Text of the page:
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Environment

Of feathers, beaks and paint

When he painted his first bird five years ago, Berlin artist, Hendrik Jonas, had no idea that these little creatures would play such a major role in his work. He tells DW his story.

What got you started on painting birds?

I painted a keyring for a friend of mine as a birthday present and I liked it so much that I painted another one straight afterwards. Since then, I've just stuck with the theme.

What is it that you particularly like about the process of painting birds?

I have come to like the bird as an object - the feathers, and its physical form. When I look at the first birds I painted, they look like fat chickens, like comic birds. I've definitiely honed my skill. It's not just that the quality of the painting has improved, but I am now more familiar with my subject. The fluffiness of the feathers and the watchful eye are things I couldn't do so well to begin with.

The other thing is that there are so many different kinds of bird that fascinate me. Colorful ones like the robin or the kingfisher, or black and white ones like the marsh tit or the colorless chiffchaff. I find them all appealing.

How do you choose which ones you want to paint?

First up, I paint from photos, not directly from nature. I couldn't do that, because birds don't stay still for long enough and they're too far away, and my eyes aren't good enough. So I use photos, which I source online. Sometimes I might find a picture of a specific bird, but it's too small, so I have to blow it up to be able to see the feathers.

Artist Hendrik Jonas in front of a picture of his birds

Hendrik Jonas has developed a different feeling for birds as a result of painting them

Would you describe yourself as a bird-lover?

(laughs) No, I wouldn't say that. I don't have any particular affinity to birds as such. I like to look at them, and when I see them in nature, I have the impulse to paint them. But I don't find them particularly cute or any more fascinating than dogs or cats - both of which I have also painted.

Yet over the past five years you have returned to them over and over again?

I think what I particularly like about them is that you can depict them without a background. With cats or dogs, they are connected to the ground, but a bird just sits on its little twig and is surrounded by air. I think that is a mark of my pictures, that they don't need a background.

That seems to appeal to other as well, from what I understand your bird paintings sell well?

Yes, they do. I'm an illustrator and I often get jobs that have nothing to do with birds, but if I feel like painting between two jobs, and I decide to paint a bird, it is never in my studio for long. People like them and they do sell well, both at galleries, or just to friends who come to visit me. They're always gone quickly.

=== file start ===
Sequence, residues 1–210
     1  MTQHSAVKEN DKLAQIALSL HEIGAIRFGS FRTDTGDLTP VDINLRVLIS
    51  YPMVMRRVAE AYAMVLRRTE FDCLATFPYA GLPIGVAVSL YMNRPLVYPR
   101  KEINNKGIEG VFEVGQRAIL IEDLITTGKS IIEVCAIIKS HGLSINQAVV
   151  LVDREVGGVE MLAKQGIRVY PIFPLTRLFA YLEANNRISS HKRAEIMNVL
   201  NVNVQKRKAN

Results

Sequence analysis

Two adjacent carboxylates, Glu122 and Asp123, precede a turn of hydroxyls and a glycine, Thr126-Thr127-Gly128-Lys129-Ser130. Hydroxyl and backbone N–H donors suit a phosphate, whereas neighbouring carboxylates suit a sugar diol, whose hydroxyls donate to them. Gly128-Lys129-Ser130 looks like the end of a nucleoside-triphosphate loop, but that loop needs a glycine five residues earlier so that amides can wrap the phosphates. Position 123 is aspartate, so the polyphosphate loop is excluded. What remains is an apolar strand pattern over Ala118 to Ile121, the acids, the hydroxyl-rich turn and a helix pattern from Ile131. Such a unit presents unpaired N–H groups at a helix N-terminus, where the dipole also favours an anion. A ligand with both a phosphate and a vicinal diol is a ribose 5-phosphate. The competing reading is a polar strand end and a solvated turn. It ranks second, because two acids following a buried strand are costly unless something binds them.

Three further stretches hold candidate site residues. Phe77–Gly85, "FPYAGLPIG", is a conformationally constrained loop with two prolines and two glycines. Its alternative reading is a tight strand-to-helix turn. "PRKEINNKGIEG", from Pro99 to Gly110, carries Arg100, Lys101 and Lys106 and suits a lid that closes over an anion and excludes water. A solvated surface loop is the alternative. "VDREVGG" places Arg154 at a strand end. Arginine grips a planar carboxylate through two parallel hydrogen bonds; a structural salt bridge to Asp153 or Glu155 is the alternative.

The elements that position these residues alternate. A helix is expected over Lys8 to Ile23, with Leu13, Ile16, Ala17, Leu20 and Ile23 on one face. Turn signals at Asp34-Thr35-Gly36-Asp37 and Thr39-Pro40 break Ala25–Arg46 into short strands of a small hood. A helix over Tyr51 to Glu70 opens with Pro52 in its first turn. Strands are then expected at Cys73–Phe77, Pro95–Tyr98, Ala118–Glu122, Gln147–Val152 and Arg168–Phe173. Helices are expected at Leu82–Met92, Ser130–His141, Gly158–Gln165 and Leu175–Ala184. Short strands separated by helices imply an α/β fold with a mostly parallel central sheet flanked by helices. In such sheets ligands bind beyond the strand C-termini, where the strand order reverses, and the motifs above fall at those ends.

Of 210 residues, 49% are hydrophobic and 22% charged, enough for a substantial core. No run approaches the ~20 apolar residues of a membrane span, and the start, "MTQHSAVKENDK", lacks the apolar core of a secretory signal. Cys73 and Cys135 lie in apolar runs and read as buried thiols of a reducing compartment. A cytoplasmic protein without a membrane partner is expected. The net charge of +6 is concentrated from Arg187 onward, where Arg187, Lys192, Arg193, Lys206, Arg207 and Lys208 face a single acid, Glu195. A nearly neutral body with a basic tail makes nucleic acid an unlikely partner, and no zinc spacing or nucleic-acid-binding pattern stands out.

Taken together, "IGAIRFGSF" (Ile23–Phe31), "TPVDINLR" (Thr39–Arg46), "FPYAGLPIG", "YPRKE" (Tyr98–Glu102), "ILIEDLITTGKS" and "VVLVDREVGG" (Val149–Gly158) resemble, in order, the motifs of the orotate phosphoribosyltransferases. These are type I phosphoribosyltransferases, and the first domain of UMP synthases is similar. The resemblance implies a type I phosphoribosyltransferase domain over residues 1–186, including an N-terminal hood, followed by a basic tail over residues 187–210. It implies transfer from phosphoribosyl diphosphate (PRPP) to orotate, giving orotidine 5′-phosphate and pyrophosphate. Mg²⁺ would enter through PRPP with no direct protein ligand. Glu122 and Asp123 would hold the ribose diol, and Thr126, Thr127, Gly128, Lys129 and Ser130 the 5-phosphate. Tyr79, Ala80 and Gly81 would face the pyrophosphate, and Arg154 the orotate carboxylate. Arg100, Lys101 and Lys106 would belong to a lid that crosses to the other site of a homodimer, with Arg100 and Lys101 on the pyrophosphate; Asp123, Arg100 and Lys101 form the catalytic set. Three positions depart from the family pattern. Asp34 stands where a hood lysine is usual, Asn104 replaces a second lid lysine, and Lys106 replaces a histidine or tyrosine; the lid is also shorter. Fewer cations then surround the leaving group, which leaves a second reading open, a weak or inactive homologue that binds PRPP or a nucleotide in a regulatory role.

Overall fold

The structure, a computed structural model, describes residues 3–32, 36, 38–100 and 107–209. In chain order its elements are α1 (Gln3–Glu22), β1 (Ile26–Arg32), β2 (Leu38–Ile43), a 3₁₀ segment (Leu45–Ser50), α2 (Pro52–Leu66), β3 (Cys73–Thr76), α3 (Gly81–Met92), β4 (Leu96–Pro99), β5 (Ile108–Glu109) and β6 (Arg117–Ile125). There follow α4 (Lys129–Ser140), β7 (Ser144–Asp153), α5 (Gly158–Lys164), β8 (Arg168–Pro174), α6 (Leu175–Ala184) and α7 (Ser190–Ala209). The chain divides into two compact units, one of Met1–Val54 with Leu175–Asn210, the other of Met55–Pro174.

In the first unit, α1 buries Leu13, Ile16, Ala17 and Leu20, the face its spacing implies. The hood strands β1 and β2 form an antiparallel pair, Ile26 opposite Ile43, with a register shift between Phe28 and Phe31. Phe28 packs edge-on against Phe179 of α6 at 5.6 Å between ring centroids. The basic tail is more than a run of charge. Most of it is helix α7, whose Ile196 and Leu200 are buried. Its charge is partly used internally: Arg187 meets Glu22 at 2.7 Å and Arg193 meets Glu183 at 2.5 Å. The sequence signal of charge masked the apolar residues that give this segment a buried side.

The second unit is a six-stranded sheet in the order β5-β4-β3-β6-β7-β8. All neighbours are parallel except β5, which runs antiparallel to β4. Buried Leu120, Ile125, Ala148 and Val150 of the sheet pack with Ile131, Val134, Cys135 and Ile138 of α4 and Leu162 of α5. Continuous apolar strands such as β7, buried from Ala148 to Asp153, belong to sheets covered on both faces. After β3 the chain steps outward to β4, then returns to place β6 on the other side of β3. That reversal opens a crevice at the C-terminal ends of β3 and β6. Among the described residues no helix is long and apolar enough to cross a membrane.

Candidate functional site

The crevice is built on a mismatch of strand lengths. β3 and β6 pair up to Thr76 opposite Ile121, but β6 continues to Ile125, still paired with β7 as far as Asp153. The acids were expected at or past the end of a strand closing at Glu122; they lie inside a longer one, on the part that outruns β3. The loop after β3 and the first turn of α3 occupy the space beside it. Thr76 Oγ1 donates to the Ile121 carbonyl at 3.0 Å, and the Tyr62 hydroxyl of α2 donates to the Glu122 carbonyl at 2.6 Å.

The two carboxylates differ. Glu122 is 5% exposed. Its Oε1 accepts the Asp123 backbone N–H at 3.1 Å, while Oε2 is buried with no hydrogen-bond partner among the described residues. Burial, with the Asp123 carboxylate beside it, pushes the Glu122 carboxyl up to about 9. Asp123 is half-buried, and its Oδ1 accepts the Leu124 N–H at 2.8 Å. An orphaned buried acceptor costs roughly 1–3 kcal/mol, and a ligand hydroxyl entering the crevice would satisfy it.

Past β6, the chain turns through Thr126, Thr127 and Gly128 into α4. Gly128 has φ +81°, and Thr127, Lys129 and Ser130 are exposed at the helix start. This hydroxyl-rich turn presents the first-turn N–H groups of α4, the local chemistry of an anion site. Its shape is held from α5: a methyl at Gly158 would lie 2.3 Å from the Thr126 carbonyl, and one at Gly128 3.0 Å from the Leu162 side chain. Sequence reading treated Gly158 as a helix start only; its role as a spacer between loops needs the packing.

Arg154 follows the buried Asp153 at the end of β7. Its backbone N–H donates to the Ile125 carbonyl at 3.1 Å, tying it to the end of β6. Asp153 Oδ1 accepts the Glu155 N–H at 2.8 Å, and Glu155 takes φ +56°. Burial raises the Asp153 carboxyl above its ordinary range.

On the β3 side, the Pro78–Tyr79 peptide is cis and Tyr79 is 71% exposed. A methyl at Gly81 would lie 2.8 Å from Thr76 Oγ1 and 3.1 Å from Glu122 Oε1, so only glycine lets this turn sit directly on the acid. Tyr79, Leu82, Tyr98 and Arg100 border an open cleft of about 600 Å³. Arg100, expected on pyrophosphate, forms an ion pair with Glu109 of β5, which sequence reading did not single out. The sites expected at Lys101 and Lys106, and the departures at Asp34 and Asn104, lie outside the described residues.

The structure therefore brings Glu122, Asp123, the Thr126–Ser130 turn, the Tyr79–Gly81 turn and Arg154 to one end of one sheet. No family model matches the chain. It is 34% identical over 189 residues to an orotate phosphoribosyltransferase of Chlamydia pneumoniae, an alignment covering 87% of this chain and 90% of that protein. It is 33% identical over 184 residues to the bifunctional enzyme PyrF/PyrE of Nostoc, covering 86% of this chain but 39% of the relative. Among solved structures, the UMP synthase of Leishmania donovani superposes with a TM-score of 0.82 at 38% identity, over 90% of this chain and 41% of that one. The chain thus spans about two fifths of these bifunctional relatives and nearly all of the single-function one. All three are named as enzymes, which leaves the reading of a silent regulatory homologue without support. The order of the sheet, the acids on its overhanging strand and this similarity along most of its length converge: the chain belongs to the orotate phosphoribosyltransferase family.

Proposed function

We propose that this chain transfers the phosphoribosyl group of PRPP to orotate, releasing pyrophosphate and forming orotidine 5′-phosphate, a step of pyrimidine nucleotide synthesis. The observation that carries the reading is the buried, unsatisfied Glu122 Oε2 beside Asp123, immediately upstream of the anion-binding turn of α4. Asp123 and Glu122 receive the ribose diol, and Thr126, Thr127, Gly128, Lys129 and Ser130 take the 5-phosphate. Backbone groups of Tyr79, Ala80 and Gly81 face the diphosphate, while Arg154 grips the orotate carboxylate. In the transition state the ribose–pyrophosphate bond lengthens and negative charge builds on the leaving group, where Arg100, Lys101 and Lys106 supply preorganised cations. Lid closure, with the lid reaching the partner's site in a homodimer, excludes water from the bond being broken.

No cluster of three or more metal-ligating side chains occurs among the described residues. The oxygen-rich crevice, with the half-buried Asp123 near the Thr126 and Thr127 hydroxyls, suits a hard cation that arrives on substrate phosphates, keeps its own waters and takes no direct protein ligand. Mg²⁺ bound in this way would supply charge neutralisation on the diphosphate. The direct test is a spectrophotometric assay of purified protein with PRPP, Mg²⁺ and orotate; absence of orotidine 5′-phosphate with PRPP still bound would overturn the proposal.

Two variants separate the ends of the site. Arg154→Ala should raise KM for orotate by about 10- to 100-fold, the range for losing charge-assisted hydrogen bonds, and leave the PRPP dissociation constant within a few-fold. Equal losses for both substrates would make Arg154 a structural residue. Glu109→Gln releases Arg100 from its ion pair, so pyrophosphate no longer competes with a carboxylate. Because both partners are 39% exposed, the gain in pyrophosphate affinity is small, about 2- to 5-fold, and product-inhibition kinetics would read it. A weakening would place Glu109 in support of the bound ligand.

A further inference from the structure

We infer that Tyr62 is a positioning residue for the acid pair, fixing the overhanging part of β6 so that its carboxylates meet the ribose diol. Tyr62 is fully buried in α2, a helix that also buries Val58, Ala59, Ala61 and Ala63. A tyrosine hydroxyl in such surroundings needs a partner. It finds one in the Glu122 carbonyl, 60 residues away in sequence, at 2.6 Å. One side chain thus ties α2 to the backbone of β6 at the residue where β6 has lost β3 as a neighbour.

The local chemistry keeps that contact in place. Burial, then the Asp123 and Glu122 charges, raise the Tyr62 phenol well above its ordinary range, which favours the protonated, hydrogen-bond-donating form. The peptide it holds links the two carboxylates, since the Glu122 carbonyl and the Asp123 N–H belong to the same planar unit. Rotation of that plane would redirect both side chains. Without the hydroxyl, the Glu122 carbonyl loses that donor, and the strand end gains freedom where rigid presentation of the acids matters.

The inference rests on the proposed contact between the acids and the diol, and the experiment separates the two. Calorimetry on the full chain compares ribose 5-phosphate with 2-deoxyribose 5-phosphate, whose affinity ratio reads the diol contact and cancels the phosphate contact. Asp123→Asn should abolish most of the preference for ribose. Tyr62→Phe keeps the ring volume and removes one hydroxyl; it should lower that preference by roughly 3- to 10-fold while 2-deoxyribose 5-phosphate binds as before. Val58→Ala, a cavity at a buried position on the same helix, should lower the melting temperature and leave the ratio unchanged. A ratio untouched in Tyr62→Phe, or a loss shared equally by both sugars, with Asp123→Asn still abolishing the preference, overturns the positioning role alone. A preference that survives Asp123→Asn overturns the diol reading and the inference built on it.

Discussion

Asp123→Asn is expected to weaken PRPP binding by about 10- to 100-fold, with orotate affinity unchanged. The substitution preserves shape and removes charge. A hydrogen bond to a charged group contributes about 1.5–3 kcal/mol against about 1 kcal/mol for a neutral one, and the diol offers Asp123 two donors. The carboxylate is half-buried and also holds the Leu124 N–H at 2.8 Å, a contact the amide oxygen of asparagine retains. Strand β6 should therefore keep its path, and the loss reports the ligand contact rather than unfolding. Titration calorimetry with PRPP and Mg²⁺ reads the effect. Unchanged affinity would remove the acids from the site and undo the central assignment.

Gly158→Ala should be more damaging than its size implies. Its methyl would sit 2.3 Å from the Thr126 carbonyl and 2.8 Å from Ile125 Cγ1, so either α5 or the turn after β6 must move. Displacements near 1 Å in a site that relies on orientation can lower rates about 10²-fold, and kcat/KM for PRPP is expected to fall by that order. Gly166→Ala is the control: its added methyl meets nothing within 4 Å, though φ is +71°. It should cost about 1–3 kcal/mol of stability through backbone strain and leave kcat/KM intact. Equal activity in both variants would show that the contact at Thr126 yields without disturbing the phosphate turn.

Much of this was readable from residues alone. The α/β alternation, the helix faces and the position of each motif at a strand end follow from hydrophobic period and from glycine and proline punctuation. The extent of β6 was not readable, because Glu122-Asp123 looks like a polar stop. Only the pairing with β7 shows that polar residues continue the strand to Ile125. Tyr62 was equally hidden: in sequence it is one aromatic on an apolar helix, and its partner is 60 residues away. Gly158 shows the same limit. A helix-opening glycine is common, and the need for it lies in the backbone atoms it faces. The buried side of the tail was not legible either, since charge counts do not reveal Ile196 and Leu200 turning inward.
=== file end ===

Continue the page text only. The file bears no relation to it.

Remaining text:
A brown bird on an orange background

Hendrik Jonas has been painting birds for the past five years

Do you see birds differently as a result of painting them?

I'd say I do. Firstly because I paint them so often and spend so much time with their form, but I am amazed at how rarely you actually see them. Here in the city, you hear them all day, but actually finding them is more difficult. When I do see them, I like to look at them.

You used to work as an anatomical illustrator, did that train you for this work in which you have to paint in such fine detail?

Definitely. It was my first ever illustration job. It was like something from the last century, or even the one before that. I wouuld sit there with my water colors and paint very naturalistic anatomical illustrations of bones and muscles. I had to work in a very very precise way, and I learned more about painting as a result than I did during my entire studies. And I'm sure my birds benefit from that.

How long do you need for one bird?

At least two or three days, and for the big ones, I might need as long as ten days. Sometimes that's just because I'm not happy with the result. I have good days and others where nothing goes right. When I painted the black redstart, I was annoyed by it for days. The form was wrong, the coloring was wrong, it was very frustrating. But I have learned that if I keep going, I'll eventually get it right. And that is very satisfying.

A brown bird on a gray background

Getting the eye right is what makes the bird come to life

The last touch I give the paintings is the light I put in their eyes. That's what makes them come alive. Before that, they are just pictures in front of me. Then when I add the light to its eye and it comes to life, which is fascinating. Sometimes, if I've done a good job, I almost have the feeling the bird is looking at me. It's a beautiful moment.

Hendrik Jonas is a Berlin-based painter and illustrator. You can find more of his work on his website.

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